GSE Responses to the CARES Act / COVID-19

In a continuing effort to keep our clients abreast of the constantly shifting default landscape, we are providing a summary of recently issued bulletins from Fannie Mae and Freddie Mac. Today, Freddie Mac issued Bulletin 2020-10 to provide servicers with guidance around the continuing COVID-19 pandemic. Fannie Mae also issued a statement, and the text of both follows:

Freddie Mac: Freddie Mac generally requires Servicers to file a motion for relief from automatic stay upon certain milestones, based on the length of delinquency or post-petition payments per Guide Sections 9401.6 and 9401.7. Considering the CARES Act and other impacts resulting from the COVID-19 National Emergency, we are notifying Servicers that we are temporarily relieving them of their responsibility to meet these timelines. Servicers must continue to work with their bankruptcy counsel to determine the appropriate time to file such a motion. (Emphasis added)

FNMA: Fannie Mae generally requires servicers to file motion for relief from automatic stay upon certain milestones. In light of the CARES Act and other impacts resulting from the COVID-19 National Emergency, Fannie Mae is temporarily relieving servicers of their obligation to meet these timelines. This temporary suspension shall be in effect for not less than the 60-day period beginning on Mar. 18, 2020. Servicers must continue to work with their bankruptcy counsel to determine the appropriate time to file such motions. (Emphasis added)It is important to note the similarity in both statements, and that neither entity is specifically barring the filing of motions for relief from the automatic stay.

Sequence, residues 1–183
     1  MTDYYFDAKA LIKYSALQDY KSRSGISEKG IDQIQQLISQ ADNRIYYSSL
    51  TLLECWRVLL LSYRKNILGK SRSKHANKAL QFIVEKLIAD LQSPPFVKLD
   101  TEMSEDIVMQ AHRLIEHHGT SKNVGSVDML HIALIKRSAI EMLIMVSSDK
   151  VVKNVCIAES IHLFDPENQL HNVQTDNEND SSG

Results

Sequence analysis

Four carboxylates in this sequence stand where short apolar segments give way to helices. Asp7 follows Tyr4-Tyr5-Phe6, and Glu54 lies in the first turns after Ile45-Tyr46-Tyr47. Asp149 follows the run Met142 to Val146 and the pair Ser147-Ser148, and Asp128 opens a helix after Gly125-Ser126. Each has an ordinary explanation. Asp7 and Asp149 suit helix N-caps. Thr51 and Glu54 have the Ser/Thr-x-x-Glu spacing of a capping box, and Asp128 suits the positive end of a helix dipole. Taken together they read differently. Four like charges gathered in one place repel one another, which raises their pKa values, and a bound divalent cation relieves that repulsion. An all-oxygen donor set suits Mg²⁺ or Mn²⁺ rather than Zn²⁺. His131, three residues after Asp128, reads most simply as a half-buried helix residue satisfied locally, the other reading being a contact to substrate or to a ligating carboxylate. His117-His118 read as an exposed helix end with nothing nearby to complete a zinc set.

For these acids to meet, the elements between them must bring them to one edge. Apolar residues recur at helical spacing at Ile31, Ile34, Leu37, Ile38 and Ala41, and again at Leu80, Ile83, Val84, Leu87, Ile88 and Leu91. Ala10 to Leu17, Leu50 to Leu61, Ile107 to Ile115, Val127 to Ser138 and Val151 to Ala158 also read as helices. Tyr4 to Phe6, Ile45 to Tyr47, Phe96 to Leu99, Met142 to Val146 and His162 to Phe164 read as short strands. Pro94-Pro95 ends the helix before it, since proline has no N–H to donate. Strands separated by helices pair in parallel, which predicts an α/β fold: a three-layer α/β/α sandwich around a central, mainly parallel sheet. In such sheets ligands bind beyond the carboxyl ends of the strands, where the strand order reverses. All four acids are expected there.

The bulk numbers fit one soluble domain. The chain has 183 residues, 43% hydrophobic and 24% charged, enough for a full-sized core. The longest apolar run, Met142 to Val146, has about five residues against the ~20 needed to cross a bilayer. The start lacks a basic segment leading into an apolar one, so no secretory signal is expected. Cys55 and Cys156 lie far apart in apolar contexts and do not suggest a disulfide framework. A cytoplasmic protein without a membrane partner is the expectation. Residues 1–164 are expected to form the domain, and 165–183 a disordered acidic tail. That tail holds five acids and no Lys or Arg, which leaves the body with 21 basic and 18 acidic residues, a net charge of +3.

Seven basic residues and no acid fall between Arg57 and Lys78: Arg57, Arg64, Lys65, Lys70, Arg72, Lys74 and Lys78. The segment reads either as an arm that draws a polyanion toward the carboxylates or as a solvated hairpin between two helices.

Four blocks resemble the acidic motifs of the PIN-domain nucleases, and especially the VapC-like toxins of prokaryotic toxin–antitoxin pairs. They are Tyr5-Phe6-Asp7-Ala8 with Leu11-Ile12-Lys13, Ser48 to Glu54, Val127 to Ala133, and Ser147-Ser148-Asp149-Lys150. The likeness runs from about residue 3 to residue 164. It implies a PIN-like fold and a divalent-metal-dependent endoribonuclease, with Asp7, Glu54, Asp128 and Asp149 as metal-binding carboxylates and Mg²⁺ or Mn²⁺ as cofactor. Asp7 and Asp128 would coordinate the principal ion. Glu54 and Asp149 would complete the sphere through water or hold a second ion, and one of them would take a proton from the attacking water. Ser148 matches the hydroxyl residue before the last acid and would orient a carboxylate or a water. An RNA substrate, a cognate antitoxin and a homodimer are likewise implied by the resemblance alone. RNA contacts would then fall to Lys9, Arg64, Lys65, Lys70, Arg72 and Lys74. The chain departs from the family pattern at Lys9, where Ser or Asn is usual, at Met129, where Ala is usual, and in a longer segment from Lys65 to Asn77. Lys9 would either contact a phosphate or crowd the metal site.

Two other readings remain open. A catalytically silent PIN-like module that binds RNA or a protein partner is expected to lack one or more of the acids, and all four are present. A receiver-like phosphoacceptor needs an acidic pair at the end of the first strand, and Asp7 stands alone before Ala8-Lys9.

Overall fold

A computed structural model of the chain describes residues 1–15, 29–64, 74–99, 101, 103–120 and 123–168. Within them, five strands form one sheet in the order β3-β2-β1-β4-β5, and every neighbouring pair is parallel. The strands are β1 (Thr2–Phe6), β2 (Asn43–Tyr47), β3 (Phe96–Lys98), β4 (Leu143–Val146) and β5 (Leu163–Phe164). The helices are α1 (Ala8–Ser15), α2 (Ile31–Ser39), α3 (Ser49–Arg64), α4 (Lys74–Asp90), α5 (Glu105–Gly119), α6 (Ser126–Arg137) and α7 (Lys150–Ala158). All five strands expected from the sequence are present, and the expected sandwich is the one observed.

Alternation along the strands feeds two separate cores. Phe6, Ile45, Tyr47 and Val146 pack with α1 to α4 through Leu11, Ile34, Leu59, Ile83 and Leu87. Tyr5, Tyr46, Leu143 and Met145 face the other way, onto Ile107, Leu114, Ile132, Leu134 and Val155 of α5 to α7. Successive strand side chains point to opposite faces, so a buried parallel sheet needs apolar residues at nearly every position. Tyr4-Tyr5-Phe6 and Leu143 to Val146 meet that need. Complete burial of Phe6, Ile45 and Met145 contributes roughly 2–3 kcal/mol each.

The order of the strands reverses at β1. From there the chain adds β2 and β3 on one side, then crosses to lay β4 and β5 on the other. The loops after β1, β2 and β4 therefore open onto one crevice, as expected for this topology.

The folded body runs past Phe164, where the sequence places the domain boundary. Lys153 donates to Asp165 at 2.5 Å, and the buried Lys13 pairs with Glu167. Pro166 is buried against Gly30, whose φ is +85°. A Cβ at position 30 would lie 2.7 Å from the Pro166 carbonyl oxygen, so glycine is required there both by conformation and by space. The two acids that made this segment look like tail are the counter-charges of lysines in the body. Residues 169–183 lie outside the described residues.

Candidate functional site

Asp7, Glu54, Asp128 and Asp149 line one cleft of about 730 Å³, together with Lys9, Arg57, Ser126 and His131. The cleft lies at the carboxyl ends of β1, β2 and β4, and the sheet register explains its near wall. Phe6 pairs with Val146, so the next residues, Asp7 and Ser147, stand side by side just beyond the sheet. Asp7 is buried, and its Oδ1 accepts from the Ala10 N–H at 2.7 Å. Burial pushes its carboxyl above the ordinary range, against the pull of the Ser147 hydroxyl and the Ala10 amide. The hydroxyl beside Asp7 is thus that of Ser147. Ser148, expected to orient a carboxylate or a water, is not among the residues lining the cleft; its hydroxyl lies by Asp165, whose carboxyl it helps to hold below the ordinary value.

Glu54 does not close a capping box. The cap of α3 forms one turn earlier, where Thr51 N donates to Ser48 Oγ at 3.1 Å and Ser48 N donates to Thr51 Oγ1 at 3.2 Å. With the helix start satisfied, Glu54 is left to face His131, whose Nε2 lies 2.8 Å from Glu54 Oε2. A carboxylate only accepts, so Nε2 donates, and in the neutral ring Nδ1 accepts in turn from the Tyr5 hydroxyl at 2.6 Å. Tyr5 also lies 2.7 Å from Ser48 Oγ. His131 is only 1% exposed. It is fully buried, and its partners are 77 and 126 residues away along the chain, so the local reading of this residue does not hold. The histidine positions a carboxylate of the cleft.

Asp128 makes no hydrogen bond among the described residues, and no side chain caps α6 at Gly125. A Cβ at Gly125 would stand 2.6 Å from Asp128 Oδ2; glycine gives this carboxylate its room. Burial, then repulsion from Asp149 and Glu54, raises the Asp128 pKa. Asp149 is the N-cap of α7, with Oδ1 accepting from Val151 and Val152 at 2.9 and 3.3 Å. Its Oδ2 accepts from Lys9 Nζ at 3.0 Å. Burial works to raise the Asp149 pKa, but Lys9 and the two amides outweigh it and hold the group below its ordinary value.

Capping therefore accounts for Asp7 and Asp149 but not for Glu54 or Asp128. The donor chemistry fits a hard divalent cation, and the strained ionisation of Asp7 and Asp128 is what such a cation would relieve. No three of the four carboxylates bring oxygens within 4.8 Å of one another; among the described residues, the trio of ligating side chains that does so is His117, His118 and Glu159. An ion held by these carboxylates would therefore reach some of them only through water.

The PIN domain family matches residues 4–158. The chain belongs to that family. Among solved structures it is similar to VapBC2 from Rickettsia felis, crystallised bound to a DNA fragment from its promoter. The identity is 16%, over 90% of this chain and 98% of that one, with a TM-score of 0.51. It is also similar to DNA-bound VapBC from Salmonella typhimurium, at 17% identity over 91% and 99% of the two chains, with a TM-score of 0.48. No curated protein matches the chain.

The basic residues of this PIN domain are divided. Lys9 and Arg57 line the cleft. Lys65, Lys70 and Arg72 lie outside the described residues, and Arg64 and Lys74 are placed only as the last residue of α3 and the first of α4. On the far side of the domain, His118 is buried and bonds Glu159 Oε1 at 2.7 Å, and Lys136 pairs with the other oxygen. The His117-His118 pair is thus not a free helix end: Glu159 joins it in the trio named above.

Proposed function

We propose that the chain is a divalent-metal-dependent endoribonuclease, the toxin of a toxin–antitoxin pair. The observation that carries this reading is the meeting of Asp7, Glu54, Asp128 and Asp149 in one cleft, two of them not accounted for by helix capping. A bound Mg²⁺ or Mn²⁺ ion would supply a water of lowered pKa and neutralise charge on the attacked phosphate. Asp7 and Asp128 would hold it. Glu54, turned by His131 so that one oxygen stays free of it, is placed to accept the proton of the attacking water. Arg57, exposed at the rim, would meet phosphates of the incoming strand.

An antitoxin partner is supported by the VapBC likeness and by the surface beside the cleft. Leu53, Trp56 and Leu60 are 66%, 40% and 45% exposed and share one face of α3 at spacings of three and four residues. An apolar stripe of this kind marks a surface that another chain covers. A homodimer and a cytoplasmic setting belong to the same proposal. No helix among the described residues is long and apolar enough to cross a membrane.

Rather, both entities are requesting servicers work with their counsel to determine the right timing. Clearly, if a forbearance has been requested under the terms of the CARES Act, it should be honored. If a request has not yet been received, there is no bar to referring and filing a motion for relief from automatic stay.

We encourage our clients to remain in close contact with BPC. BPC is ready to assist its clients in determining the right strategy to both serve their customers and comply with the constantly updated legal and regulatory environment. In the meantime, BPC remains fully operational and ready to support the default servicing industry.

COVID-19 03.23.20

The Bonial & Associates, P.C. (BPC) leadership team is meeting daily to keep our entire operations as up to date as possible as circumstances continue to change. BPC is aware of the announced Shelter-in-Place Order for Dallas City and County, as well as the forthcoming similar orders for surrounding counties. Under the orders as issued, BPC qualifies as an “Essential Business” providing essential services necessary to maintain critical operations such as legal services to assist in compliance with legally mandated activities. Therefore, we are already in compliance with the terms of the Dallas County Order, and can continue to operate with the compensating measures already in place such as remote working and social distancing.

Most BPC team members are, and continue to have, the option of working remotely for the duration of the orders beginning Tuesday, March 24, 2020. The Dallas and St. Louis offices will remain open and fully operational, and we continue to expect no impact to any of our services for our valued customers. We have previously referenced all of the precautions taken in the office as well as the social distancing of staff still coming into our facilities. Please know everyone’s safety and well-being are of the utmost importance. We thank you for your understanding as we all work together through these unprecedented events.